Right. I think the use of food in my work ties into many traditions from vanitas painting, feminist art and the broad use of clay as a functional vessel. Back to your question regarding sweets, sugar was once highly valuable and was modeled into allegorical figures and elaborate scenes that adorned grand dining displays of 18th century courts. As sugar became more available–as a result of colonialism, I assume, porcelain became the new desired material that signified wealth and taste and was displayed in similar ways. Therefore, the overabundance of sweets takes on many complicated meanings that tie into patriarchy, imperialism and ultimately, the subversion of said markers through the work.
I am also interested in the ideas of the “feminization” of sugar and how once ubiquitous, it was no longer tied to wealth and male power. It became “feminized.” Later in the 19th century, it was sold and marketed to women as being innately connected to their gender with the implied subtext of being frivolous and lacking value.
Several of your new porcelains are on view in PPOW Gallery’s current group show The Woman Destroyed. How does your art address contemporary women’s issues?
I do see the work engaging with contemporary women’s issues and the tone of that dialogue changes with different works. My methods vary–from the explicit to the subtle, from humor to grief. To be honest, I think of my work as a kind of refuge from the often depressing treatment of women and girls in the world. My sculptures serve as a vehicle for me to dismantle, reimagine and revisit historic and contemporary issues, myths and the current culture.
Your sculpture Untitled (Gather) reminds me of the last scene in the film The Witch with its nude–or almost nude–women in a dense forest. It has this supernatural and fairytale quality. While clearly art history is an essential influence for you, do you draw inspiration from other cultural sources? What are they?
Untitled (Gather) was inspired by a few ideas, in particular an image of an 18th century engraving by Charles Eisen, which depicted “the devil defeated by vaginal display.” I loved this idea/phrase/image, and it sent me to research its history. As a result, I learned about ana-suromai–a Greek word essentially meaning “to raise one’s clothes.” I came to find this phenomenon stems back to the ancient Egyptians, as recorded by the Greeks, and spans continents and cultures. A practice that could scare away advancing armies or increase harvests and fertility. I learned much of this history in Catherine Blackledge’s The Story of V.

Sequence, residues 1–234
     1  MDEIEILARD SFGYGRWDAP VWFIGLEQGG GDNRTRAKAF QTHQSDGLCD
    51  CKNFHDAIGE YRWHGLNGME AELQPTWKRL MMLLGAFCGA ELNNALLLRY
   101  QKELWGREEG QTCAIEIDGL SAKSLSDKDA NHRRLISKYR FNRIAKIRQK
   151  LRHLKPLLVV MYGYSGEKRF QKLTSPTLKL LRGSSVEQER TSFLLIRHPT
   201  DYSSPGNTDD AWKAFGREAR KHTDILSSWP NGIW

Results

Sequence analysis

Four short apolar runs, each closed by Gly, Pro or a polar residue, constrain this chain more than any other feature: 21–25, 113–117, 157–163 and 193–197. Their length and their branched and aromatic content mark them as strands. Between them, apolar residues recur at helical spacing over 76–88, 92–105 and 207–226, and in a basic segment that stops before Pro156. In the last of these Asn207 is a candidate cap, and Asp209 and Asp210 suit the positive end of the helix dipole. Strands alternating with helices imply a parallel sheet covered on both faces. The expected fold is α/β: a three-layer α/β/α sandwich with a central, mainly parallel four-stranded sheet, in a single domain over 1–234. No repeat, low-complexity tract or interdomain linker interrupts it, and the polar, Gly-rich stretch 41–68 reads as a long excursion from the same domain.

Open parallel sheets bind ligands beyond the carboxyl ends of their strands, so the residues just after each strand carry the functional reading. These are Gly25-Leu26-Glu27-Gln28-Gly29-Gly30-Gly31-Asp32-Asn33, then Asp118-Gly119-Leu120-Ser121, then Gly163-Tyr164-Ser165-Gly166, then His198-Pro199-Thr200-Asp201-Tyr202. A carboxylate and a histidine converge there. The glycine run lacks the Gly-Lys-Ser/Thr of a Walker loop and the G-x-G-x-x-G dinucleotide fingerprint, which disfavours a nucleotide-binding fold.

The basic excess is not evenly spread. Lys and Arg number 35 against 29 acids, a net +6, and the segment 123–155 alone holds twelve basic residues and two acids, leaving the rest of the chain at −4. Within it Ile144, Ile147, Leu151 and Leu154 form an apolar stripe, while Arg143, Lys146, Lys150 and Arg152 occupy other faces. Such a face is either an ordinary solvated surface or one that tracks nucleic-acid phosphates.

Another point of cultural influence was hysteria and my research led me to the Greeks essentially thinking the female womb “wandered,” hence making them sick by their very design. Ultimately, this thinking would be the basis for the 19th century invention of hysteria–a fascinating but deeply troubling “female affliction.” I also liked the art historical motif of the three graces, hence three women not one. I liked the idea of–instead of being seen as hysterical–the women were getting back in touch with a deep-seated power.
In general, I am always looking and taking in the world around me for inspiration: fashion, current events, art history, popular culture, my body, etc.
Beyond their content, the physical presence of your sculptures fascinates me. At the opening of The Woman Destroyed, I was terrified I would knock down one of your sculptures. I remember feeling the same way at your 2014 solo show Spoil. What do you think the physicality of the porcelain adds to the sculptures?
Paradoxically, ceramic material is incredibly strong. In my work, however, I do have many filigree-like components that tend to make the work really fragile. I have wrestled with ideas about display. Do I put it on a vitrine or not? I think that without the vitrine, viewers are even more careful when viewing the work. That implied fragility is right in their face and adds an extra layer. The mash-up of textures, forms, pattern and color gives the work a truly tactile sense that is really seductive. I am a maximalist at heart and clay allows me to really investigate the physicality of the material in both content and form. I also like the duality of the work looking very fragile yet the content of the sculpture is very powerful and provocative.